Here are three more stories in just the last week proving yet again the foolish of Malthusian thinking. The experts in a field have no clue, absolutely no clue, of the total amount of any resource available on this amazing planet. Whether it is water, crude oil, or helium, the experts don’t know what previously unknown field they will find next.
The new field, called Liza, likely has somewhere between 800M and 1.4B oil-equivalent barrels. Yeah, that’s somewhere in the range of one and a half billion barrels of oil. That nobody knew about. Until now.
To put this in context, there have been only five brand-new discoveries in the last four years with recoverable amounts of over 500M barrels. Only five? ONLY? To my little brain that is astounding.
The USGS updated their estimate of the amount of oil that is undiscovered, technically recoverable in the Bakken field. Second paragraph of their press release says:
The USGS assessment found that the Bakken Formation has an estimated mean oil resource of 3.65 BBO and the Three Forks Formation has an estimated mean resource of 3.73 BBO, for a total of 7.38 BBO, with a range of 4.42 (95 percent chance) to 11.43 BBO (5 percent chance). This assessment of both formations represents a significant increase over the estimated mean resource of 3.65 billion barrels of undiscovered oil in the Bakken Formation that was estimated in the 2008 assessment.
This means the mid-point (statistically correct phrase: mean) of the total oil that is technically recoverable with current technology is 7.4 billion barrels of oil. Their assessment is that the probability is 95% that there will be at least 4.4B and the probability is 5% that there could be as much as 11.4B.
Does oil just magically appear in a tapped out field or do the oil people learn how large the field really is, locate more oil, and develop new ways to get the oil out of the ground?
If you’ve read this blog for long, you know what I think the answer is.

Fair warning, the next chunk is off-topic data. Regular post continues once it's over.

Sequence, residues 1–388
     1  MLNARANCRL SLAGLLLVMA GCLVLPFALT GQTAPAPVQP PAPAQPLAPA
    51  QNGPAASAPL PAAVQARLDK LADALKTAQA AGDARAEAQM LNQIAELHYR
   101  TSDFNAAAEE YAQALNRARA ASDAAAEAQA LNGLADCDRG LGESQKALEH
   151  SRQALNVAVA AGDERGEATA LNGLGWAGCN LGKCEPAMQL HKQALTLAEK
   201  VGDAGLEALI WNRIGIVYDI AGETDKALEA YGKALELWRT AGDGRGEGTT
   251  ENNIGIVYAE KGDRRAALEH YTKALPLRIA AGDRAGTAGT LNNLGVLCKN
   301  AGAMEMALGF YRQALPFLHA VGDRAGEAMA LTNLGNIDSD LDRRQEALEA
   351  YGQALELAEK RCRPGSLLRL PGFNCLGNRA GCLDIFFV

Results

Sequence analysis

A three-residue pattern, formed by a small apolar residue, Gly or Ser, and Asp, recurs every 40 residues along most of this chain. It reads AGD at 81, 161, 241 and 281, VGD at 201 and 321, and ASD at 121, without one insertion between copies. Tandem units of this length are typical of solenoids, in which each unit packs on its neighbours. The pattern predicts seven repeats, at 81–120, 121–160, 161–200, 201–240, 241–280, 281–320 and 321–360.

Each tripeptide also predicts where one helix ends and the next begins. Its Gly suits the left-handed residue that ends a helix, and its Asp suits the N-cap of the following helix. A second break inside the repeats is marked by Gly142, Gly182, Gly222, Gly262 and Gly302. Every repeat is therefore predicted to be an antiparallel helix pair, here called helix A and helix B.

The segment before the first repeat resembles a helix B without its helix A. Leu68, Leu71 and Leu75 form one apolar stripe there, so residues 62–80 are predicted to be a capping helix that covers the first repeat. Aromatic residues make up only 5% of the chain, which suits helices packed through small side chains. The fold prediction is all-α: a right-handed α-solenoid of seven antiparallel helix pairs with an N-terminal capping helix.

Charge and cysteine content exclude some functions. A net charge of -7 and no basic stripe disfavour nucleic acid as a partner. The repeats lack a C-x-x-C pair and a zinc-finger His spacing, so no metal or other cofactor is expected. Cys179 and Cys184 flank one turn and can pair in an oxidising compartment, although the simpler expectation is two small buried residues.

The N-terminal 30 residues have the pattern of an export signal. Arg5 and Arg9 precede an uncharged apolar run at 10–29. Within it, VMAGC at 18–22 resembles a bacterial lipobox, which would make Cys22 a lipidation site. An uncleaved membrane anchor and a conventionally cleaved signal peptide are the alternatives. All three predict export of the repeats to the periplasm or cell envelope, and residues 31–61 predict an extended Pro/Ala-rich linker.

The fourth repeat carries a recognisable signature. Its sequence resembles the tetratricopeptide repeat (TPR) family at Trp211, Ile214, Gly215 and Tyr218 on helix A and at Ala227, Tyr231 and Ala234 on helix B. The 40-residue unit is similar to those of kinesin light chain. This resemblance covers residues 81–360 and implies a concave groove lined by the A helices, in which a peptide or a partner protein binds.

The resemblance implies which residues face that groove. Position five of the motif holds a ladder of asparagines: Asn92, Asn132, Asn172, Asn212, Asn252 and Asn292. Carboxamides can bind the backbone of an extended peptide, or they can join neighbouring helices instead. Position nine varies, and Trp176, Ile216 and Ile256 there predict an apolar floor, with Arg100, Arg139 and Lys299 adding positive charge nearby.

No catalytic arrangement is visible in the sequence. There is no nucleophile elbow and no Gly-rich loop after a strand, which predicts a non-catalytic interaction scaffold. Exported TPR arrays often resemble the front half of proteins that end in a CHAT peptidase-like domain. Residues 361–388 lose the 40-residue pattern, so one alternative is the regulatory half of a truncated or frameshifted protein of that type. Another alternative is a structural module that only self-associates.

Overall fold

Look at the monthly production data for the Bakken field, exclusive of wells elsewhere in North Dakota. You can find the data here. This data is for the Bakken, Sanish, Three Forks, and Bakken/Three Forks pools only.
December 1953 – One well is online producing 5,429 barrels. That’s for the month. A mere 175 barrels of oil per day (bopd).
I’ve come across a term that struck me as silly as soon as I read it – peak oil – That’s the idea that we’ve hit the maximum production and we will soon see production levels fall and then run out of oil.
The definition of proven reserves and a minimal knowledge of supply and demand makes it so obvious that we will never run out of oil. A glance at this blog or the blogs I cite should make the concept of peak oil laughable.
I need to explain this across several posts.
The whole concept of peak oil becomes more astoundingly ignorant with every additional paragraph I read on the issue. Conceptually, there is a big problem. Practially, developments in the last couple of years should kill off the concept permanently. Continue reading “We will never run out of oil. Peak oil #1”
The astounding news just keeps on rolling in. Here is another name to remember for energy issues – Green River.
Testimony to Congress this week from OMB’s Anu K. Mittal, Director, Natural Resources and Environment, indicates there are tremendous opportunities and challenges from oil shale underneath western Colorado and eastern Utah.
The Green River Formation has an astounding amount of oil shale. From the report’s summary:
Tapping the vast amounts of oil locked within U.S. oil shale formations could go a long way toward satisfying the nation’s future oil demands. Oil shale deposits in the Green River Formation are estimated to contain up to 3 trillion barrels of oil, half of which may be recoverable, which is about equal to the entire world’s proven oil reserves.
I’ve just started reading it. Superb stuff. The first few tidbits that jump out at me:
Estimates that there is more recoverable oil in the U.S. than in Saudi Arabia:
The United States is home to the richest oil shale deposits in the world—estimates are there are about 1 trillion barrels of recoverable oil in U.S. oil shale deposits, nearly four times that of Saudi Arabia’s proved oil reserves.5
Vastly improved energy efficiency in the U.S. even with expansion in the per capita GDP:
• Energy use per person in the United States fell 12 percent between 1979 and 2010 from 359 million BTUs to 317 million BTUs per person.19
• Energy intensity—energy consumption per dollar of GDP—fell by 52 percent between 1973 and 2011.20
Are we running out of oil and gas we know about and can get to at economical price?